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Products for grant AQ-50254-10

NEH Enduring Questions Course on "What is Time?"
Jessie Fillerup, University of Richmond

Grant details:

Eternity in Each Moment: Temporal Strategies in Ravel's "Le Gibet" (Article)
Title: Eternity in Each Moment: Temporal Strategies in Ravel's "Le Gibet"
Author: Jessie Fillerup
Abstract: This article suggests that Ravel’s “Le Gibet” from Gaspard de la nuit (1909) features temporal and formal innovations that anticipate those found in Debussy’s Jeux (1913) and Stravinsky’s Symphonies of Wind Instruments (1920). The analysis combines voice-leading techniques with Stockhausen’s notion of “moment form” (further developed by Jonathan Kramer), revealing multiply directed temporal strategies that assert points of stasis, nonlinearity, continuity, and discontinuity. In the poem by Aloysius Bertrand that inspired Ravel’s music, the poetic devices typical of French Romanticism contrast with Ravel’s distinctly modern approach to musical temporality, which explores both durational and spatial models of time.
Year: 2013
Primary URL:
Primary URL Description: Direct link to article in Music Theory Online
Access Model: Open access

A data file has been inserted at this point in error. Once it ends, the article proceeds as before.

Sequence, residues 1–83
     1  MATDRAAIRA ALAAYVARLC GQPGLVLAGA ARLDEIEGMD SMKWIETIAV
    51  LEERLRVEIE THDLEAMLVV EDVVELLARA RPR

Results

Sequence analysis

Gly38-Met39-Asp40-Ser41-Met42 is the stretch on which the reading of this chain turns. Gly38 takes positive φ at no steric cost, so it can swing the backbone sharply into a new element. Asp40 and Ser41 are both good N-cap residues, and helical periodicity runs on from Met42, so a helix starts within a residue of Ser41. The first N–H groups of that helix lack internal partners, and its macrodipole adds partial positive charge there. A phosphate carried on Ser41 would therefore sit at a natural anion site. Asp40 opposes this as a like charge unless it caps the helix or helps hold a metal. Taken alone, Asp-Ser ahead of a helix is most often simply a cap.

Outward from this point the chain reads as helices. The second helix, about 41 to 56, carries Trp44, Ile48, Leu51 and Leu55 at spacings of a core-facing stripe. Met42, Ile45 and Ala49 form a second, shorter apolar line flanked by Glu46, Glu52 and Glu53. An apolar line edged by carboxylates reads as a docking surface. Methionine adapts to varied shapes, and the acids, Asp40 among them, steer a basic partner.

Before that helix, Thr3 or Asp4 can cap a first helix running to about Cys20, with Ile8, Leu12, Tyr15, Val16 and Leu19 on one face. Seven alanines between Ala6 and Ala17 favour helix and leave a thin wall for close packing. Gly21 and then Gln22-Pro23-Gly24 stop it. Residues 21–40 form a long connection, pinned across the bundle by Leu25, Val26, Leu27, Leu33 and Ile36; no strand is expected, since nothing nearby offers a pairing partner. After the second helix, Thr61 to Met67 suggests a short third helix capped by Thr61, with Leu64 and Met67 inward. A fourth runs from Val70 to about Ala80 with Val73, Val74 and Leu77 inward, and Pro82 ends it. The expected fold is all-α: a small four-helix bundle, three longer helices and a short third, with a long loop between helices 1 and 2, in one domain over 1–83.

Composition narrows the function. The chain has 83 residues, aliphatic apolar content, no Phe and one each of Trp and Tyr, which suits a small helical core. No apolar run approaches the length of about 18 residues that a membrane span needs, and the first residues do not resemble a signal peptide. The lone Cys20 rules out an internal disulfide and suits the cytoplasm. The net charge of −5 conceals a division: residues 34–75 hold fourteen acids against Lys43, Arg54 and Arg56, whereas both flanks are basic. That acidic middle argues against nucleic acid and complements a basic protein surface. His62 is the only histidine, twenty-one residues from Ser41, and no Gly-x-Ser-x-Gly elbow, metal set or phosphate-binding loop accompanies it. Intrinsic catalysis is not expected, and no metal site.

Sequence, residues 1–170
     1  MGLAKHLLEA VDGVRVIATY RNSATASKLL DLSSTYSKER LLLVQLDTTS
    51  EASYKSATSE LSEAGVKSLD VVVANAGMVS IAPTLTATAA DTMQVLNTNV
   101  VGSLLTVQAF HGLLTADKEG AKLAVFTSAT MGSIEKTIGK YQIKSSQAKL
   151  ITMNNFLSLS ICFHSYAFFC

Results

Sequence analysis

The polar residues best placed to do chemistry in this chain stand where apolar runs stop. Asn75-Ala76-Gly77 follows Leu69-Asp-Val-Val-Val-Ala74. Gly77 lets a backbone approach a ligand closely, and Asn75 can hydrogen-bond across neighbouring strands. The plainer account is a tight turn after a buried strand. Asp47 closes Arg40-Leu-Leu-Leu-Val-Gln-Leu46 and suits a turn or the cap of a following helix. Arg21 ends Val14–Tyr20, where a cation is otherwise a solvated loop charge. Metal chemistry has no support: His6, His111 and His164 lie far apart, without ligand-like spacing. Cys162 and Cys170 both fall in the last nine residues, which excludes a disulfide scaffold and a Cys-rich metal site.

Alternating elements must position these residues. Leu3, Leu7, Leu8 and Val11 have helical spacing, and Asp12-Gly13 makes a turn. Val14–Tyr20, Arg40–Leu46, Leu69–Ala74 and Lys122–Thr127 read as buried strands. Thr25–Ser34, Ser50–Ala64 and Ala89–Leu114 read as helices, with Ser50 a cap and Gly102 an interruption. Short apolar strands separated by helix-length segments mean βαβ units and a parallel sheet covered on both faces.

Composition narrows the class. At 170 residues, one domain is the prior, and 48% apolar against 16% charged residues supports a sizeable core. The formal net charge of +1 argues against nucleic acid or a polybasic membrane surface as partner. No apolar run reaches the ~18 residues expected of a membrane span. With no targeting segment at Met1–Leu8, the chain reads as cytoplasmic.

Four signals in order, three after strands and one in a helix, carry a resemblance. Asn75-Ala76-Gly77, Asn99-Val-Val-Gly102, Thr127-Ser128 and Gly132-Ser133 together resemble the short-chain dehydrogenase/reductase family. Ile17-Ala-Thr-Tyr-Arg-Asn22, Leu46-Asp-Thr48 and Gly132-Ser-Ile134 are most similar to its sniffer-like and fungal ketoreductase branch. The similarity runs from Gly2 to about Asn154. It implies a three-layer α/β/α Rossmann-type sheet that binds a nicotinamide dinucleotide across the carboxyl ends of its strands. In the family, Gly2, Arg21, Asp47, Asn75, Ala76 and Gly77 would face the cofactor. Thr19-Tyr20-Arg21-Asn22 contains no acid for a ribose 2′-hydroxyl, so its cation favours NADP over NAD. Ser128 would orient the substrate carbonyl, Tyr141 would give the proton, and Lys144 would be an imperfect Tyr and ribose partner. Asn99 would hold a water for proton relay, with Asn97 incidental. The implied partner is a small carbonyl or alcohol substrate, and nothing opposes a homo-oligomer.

Format: Journal
Periodical Title: Music Theory Online, vol. 19, no. 1 (March 2013)
Publisher: Society for Music Theory

About Time: An Interdisciplinary Course on Temporality (Conference Paper/Presentation)
Title: About Time: An Interdisciplinary Course on Temporality
Author: Jessie Fillerup
Abstract: Interdisciplinary teaching poses daunting challenges, even for faculty with multiple areas of expertise. I felt these challenges acutely when developing a course supported by the “Enduring Questions” grant program of the National Endowment for the Humanities. In this presentation I describe the course design, summarize approaches to assessment, and discuss the challenges and opportunities I encountered when teaching the course. Students examined three historical eras, starting with the late fourteenth century—a time in which clocks started to proliferate in medieval towns. They also contrasted the “clockwork universe” of the seventeenth and eighteenth centuries with the views of philosophers and scientists in the early twentieth century, who were grappling with the implications of Einstein’s relativity theories. Readings for the course included excerpts from Chaucer’s "Canterbury Tales," Isaac Newton’s "Principia," Marcel Proust’s "In Search of Lost Time," and James Joyce’s short story, “The Dead.” These texts supported the study of temporality in musical works that include medieval chansons, Haydn’s “Joke” quartet, and Ravel’s opera "L’Heure espagnole."
Date: 10/21/2011
Conference Name: College Music Society National Conference

Syllabus for "What is Time?" (Course or Curricular Material)
Title: Syllabus for "What is Time?"
Author: Jessie Fillerup
Abstract: This syllabus provides a list of topics, course materials, assignments, and policies for the NEH-supported course, "What is Time?"
Year: 2012
Primary URL:
Primary URL Description: The URL is a faculty webpage. The syllabus may be found under the "Grants" link.
Audience: K - 12